Another response to Terrorism: "Good" vs. "Evil":
America's War Song
by Robert Tracinski
It was September 14. Washington, D.C., had been attacked, and one of its most prominent monuments had been burned by the enemy. A Washington lawyer sat in the early morning gloom and fretted over the fate of his country.
The year was 1814, the burned monument was the White House, the man was Francis Scott Key, and his worry was centered on Fort McHenry, off in the distance, where he looked for any sign that his nation's flag still flew after a fierce night-long bombardment. He expressed his patriotism in a poem, "The Star-Spangled Banner." We all know the first stanza of this poem because it is our national anthem. But Key wrote four stanzas, three of which the average American has never heard. Today, as we face a crisis similar to the one Key observed, it is important to hear and understand the spirit expressed in those unremembered verses.
The first stanza is, of course, known by heart:
Oh, say can you see, by the dawn's early light,
What so proudly we hailed at the twilight's last gleaming?
Whose broad stripes and bright stars, through the perilous fight,
O'er the ramparts we watched, were so gallantly streaming?
And the rockets' red glare, the bombs bursting in air,
Gave proof through the night that our flag was still there.
O say, does that star-spangled banner yet wave
O'er the land of the free and the home of the brave?
Key had watched throughout the night, hoping that Fort McHenry would hold out. As dawn broke, the fort's commander had its rain-soaked flag taken down, and he sent up an enormous 30- by 42-foot flag, which had been specially made as a symbol of defiance against the fort's attackers.
When Key spotted it, he would later write, "in that hour of deliverance, my heart spoke. Does not such a country, and such defenders of their country, deserve a song?" He began writing "The Star-Spangled Banner." The first stanza expressed Key's anxious concern for his country.
The second expressed his elation as he saw the banner rise:
On the shore, dimly seen through the mists of the deep,
Where the foe's haughty host in dread silence reposes,
What is that which the breeze, o'er the towering steep,
As it fitfully blows, now conceals, now discloses?
Now it catches the gleam of the morning's first beam,
In full glory reflected now shines on the stream:
'Tis the star-spangled banner! O long may it wave
O'er the land of the free and the home of the brave.
In his pride in his nation and his contempt for its foe, Key did not, as we do today, fret over enemy losses or "collateral damage." He saw the death of the enemy as proof of justice.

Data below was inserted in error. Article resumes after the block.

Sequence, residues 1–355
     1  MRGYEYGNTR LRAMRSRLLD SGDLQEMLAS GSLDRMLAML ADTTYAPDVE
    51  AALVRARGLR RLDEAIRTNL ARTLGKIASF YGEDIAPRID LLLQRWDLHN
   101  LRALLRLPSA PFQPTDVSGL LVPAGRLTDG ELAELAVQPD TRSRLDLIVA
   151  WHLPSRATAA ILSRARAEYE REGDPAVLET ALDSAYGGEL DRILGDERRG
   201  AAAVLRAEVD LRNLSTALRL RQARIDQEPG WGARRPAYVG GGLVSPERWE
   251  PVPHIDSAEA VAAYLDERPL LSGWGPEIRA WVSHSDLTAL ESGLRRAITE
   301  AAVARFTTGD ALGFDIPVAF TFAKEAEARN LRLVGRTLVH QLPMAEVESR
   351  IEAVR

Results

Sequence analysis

Thus, his third stanza:
And where is that band who so vauntingly swore
That the havoc of war and the battle's confusion
A home and a country should leave us no more?
Their blood has wiped out their foul footstep's pollution.
No refuge could save the hireling and slave
From the terror of flight, or the gloom of the grave:
And the star-spangled banner in triumph doth wave
O'er the land of the free and the home of the brave.
Today, this attitude would be denounced, by those who pretend to be "idealistic," as jingoistic and intolerant. But Key did not apologize for his love of his country and his liberty. His confidence was grounded in a religious perspective that I do not share — but I do share and admire the pride with which he upheld the value of his country, a pride expressed in the fourth stanza:
Oh! thus be it ever, when freemen shall stand
Between their loved homes and the war's desolation!
Blest with victory and peace, may the heaven-rescued land
Praise the Power that hath made and preserved us a nation.
Then conquer we must, when our cause it is just,
And this be our motto: "In God is our trust."
And the star-spangled banner forever shall wave
O'er the land of the free and the home of the brave!
Among today's intellectuals, it is fashionable to be indiscriminately "anti-war" — that is, to oppose any war, just or unjust. But the meaning and events behind "The Star-Spangled Banner" are a reminder that the existence of our nation, and the preservation of our liberties, had to be obtained by war — and that they must, from time to time, be maintained by war.
>> In his pride in his nation and his contempt for its foe, Key did not, as we do today, fret over enemy losses or "collateral damage." He saw the death of the enemy as proof of justice. <<
The same attitude led to the slaughter of Indians and enslavement of blacks. That's why today's attitude is superior.
>> Among today's intellectuals, it is fashionable to be indiscriminately "anti-war" — that is, to oppose any war, just or unjust. <<
Most intellectuals discriminate between "good" wars and "bad" ones. By lumping them into one group, this dummy has failed to discriminate between "intellectuals"—i.e., anyone more intelligent than him.
This war isn't just by the "just war" criteria. Intellectuals who understand the "just war" criteria oppose this war. See A Just War or Just a War? for details.
>> the preservation of our liberties, had to be obtained by war — and that they must, from time to time, be maintained by war. <<
Thanks for the news flash. Since liberal Democrat Woodrow Wilson led us through World War I and liberal Democrat Franklin Delano Roosevelt led us through World War II, I don't think we need a lecture on the virtues of liberals. If anything, stupid Tracinski needs a lecture on how liberal intellectuals think.
War song of America the strong
Victor or victim: our new national anthem?
God bless secular America
. . .
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